It’s a depressing and sordid tale. Nor is the life of a sex-worker as she describes it particularly attractive. For one thing, it’s physically demanding work. As Jameson describes in a charming illustrated section, common stripper injuries include chronic back pain from wearing high heels, chronic neck problems from whipping your hair around, abrasions from sliding around naked, and the occasional ruptured breast implant from landing on the floor wrong. Porn shoot hours, too are long and grueling: actors get sore and tired. They also risk health problems. The industry has rigorous testing standards, but venereal diseases -- not to mention colds -- get passed around, and there have been a couple of HIV scares.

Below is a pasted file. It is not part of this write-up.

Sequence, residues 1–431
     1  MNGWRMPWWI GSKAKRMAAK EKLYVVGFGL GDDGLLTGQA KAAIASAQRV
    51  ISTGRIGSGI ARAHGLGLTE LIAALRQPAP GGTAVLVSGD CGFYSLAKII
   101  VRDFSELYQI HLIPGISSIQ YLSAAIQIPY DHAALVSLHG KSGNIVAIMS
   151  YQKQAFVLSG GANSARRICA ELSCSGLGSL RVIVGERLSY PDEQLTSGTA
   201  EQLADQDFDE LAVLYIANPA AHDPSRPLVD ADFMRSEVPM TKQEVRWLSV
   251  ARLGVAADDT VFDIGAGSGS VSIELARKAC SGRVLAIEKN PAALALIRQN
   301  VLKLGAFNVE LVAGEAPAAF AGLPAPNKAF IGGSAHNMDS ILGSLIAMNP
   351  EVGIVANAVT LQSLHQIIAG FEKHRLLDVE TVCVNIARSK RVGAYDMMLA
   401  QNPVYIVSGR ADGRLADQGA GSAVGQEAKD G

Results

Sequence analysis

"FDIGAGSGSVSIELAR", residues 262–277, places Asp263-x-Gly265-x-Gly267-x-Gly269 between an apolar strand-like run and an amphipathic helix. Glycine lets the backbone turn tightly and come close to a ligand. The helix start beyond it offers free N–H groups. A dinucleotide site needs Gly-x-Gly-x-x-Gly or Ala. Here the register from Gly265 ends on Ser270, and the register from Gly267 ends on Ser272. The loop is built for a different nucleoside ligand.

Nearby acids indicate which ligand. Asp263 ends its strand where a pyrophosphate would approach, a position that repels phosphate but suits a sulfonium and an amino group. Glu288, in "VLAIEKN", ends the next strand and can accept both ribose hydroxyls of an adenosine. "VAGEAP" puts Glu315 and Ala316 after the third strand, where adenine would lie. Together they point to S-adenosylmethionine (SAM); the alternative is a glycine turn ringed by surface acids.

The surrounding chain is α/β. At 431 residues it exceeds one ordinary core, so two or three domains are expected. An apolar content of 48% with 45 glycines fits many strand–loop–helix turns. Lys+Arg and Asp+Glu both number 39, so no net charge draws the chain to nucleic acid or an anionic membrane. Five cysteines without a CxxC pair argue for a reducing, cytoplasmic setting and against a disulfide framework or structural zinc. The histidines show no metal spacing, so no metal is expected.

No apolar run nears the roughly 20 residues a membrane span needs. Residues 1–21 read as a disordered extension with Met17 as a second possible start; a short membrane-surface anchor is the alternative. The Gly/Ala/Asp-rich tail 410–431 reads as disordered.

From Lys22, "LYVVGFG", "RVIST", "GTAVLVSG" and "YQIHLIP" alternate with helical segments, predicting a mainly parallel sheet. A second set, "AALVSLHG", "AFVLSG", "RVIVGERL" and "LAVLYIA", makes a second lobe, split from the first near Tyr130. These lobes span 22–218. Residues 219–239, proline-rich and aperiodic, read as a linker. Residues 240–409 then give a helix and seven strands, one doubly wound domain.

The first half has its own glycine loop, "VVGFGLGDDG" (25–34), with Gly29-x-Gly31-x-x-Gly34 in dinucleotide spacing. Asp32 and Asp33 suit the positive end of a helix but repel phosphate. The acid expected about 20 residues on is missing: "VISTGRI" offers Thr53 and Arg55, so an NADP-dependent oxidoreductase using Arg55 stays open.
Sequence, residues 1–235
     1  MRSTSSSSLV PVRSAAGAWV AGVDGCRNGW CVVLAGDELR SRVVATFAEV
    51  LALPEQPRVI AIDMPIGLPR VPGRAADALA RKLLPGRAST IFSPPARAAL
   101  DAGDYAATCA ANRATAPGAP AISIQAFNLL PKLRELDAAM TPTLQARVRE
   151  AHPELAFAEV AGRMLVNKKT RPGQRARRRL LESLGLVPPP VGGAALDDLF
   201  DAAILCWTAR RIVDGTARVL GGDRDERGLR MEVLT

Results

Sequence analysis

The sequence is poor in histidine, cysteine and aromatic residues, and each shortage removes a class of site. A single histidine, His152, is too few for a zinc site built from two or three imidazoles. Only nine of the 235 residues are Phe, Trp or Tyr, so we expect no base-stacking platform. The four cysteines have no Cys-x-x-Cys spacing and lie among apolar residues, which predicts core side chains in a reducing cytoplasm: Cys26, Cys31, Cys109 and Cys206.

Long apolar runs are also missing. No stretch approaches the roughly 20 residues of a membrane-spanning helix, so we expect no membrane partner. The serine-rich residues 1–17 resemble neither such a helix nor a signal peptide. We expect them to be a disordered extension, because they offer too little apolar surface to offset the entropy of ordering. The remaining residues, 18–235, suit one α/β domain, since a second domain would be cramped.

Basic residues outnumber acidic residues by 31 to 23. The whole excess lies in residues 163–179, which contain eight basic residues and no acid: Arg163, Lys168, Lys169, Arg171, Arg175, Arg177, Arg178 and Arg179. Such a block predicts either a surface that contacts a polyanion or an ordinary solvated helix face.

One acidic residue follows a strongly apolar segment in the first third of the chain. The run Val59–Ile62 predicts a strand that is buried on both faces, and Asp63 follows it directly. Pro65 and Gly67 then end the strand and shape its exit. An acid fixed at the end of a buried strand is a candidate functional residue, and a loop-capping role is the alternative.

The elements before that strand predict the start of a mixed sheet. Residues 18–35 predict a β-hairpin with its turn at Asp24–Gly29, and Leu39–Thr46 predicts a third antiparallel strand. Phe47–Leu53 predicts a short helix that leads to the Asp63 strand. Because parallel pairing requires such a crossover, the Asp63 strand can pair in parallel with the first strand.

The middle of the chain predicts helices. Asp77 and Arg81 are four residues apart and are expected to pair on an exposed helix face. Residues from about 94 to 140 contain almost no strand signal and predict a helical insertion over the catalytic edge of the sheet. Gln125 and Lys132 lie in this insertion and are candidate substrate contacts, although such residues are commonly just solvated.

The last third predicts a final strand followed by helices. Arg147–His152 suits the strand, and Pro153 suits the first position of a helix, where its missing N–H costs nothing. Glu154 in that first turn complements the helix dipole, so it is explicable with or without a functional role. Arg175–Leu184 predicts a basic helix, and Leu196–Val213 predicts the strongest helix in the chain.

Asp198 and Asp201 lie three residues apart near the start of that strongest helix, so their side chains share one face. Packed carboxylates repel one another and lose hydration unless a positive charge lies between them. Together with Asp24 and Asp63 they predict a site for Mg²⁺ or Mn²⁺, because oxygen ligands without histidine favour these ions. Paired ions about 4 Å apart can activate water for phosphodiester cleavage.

There’s also immense psychological stress. Stars can lose respect for both money and sex; your “pussy will…change…from a pleasure center to a cash machine,” Jameson warns. Things can get even worse if you have a boyfriend. Jameson’s most wrenching experiences in the industry came not during her first scenes, but during some of her last ones in the book, when she was dating her future husband, who was dead set against her sleeping with other men. Already under contract for the film, she vomited in a trash can and then went through with the scene. Even without the massive social stigma, sex work hardly seems like an easy or pleasant way to make a living.